Casualty simulations prepare medics
Sailors from 2nd Medical Battalion, 2nd Marine Logistics Group, and Coast Guardsmen evacuate a simulated casualty during a Tactical Combat Casualty Care course. The Medical Battalion makes the course available to a variety of units on base, as well as other branches. (U.S. Marine Corps photo by Lance Cpl. Jon Sosner)
CAMP LEJEUNE, N.C. — Sailors with 2nd Medical Battalion, 2nd Marine Logistics Group, as well as Coast Guardsmen and Marines from the 24th Marine Expeditionary Unit attended a week long Tactical Combat Casualty Care/Combat Lifesaver course here, recently.
The course, which is required for all medical personnel, consisted of four days of academics in a classroom setting, where students learned how to treat a variety of common combat injuries. After completing the classroom portion, the students were put into a real-life scenario practical application.
“There were simulated improvised explosive devices going off, smoke everywhere,” said Marine Lance Cpl. Benjamin Craig, a field radio operator augmented to the 24th Marine Expeditionary Unit. “We had to quickly get to our patients, locate and assess their injuries, treat them and get them onto the casualty evacuation, all in a very high stress environment.”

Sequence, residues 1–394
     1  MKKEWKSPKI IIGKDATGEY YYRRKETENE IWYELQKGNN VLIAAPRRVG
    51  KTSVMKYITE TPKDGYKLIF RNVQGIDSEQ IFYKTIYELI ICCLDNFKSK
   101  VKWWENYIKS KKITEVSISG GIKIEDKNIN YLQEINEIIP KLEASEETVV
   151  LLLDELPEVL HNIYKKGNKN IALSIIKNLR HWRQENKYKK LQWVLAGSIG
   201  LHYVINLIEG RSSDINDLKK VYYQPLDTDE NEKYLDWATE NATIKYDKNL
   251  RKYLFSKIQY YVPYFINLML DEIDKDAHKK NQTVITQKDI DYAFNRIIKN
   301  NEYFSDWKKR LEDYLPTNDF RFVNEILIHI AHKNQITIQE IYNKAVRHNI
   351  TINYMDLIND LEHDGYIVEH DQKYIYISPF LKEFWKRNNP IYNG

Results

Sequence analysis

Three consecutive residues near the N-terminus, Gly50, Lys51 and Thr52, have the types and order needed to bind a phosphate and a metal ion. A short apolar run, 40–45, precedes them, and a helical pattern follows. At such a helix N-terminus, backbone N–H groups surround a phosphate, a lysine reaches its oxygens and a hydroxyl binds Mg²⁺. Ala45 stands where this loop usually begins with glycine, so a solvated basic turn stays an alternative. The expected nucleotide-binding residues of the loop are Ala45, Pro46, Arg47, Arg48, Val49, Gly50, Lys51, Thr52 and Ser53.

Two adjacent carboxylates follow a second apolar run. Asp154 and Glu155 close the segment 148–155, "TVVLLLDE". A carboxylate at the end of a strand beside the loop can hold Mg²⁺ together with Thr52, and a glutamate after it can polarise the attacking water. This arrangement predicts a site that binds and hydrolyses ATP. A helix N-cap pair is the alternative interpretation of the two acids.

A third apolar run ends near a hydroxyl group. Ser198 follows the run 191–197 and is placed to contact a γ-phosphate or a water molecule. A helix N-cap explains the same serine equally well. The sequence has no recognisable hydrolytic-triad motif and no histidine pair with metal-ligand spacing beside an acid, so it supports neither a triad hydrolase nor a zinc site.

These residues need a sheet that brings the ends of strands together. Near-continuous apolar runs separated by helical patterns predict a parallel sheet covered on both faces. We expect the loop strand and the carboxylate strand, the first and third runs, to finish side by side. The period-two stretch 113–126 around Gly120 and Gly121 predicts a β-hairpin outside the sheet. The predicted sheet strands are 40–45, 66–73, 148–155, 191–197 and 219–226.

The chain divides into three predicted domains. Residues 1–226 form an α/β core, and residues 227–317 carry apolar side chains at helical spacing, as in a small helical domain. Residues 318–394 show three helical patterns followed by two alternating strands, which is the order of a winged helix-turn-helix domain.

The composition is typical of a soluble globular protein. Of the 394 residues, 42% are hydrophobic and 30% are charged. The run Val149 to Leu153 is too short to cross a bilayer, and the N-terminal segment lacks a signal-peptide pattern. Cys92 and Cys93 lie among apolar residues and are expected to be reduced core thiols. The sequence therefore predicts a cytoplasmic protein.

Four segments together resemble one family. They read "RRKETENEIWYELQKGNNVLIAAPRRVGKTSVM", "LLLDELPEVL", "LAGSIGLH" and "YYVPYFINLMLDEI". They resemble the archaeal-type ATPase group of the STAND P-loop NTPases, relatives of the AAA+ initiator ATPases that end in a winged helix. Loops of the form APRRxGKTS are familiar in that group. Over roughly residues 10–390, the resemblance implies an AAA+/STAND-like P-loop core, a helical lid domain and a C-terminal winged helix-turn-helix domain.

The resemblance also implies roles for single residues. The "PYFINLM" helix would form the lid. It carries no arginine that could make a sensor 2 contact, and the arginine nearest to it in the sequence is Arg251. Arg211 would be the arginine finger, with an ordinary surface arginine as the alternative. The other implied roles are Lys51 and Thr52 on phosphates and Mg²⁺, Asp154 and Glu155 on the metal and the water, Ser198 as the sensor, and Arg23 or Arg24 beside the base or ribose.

Aside from the physical exhaustion that accompanies carrying mannequins that weigh in excess of 150 pounds, maintaining constant communication with the rest of team also adds to the stress.
“It’s key that they hit the ground running with communication,” said Navy Petty Officer 3rd Class Shannon Thompson, a Combat Trauma Management Instructor with 2nd Med Bn. “Students typically learn all the medical knowledge very well, but when combining the knowledge with the physical output and the high stress environment they can become disoriented. Overall, this group did very well.”
For many of the students, mastering the four-day classroom evolution was critical to their success on the final examination.
“Muscle memory really takes over,” said Craig. “The second I got to my first casualty, I was using the training I was taught and subconsciously going through the steps. The training just kicked in instantly.”
2nd Med Bn. encourages as many units as possible, whether Navy or Marine or Coast Guard, to take part in the TCCC/CLS course. Any unit on base may participate in it.
“You never know when you’re going to need to treat someone, whether it’s minor or significant, like a mass casualty scenario,” said Thompson. “Having this knowledge from being a Marine, Corpsman or anything else could be useful at a time when you least expect it.”
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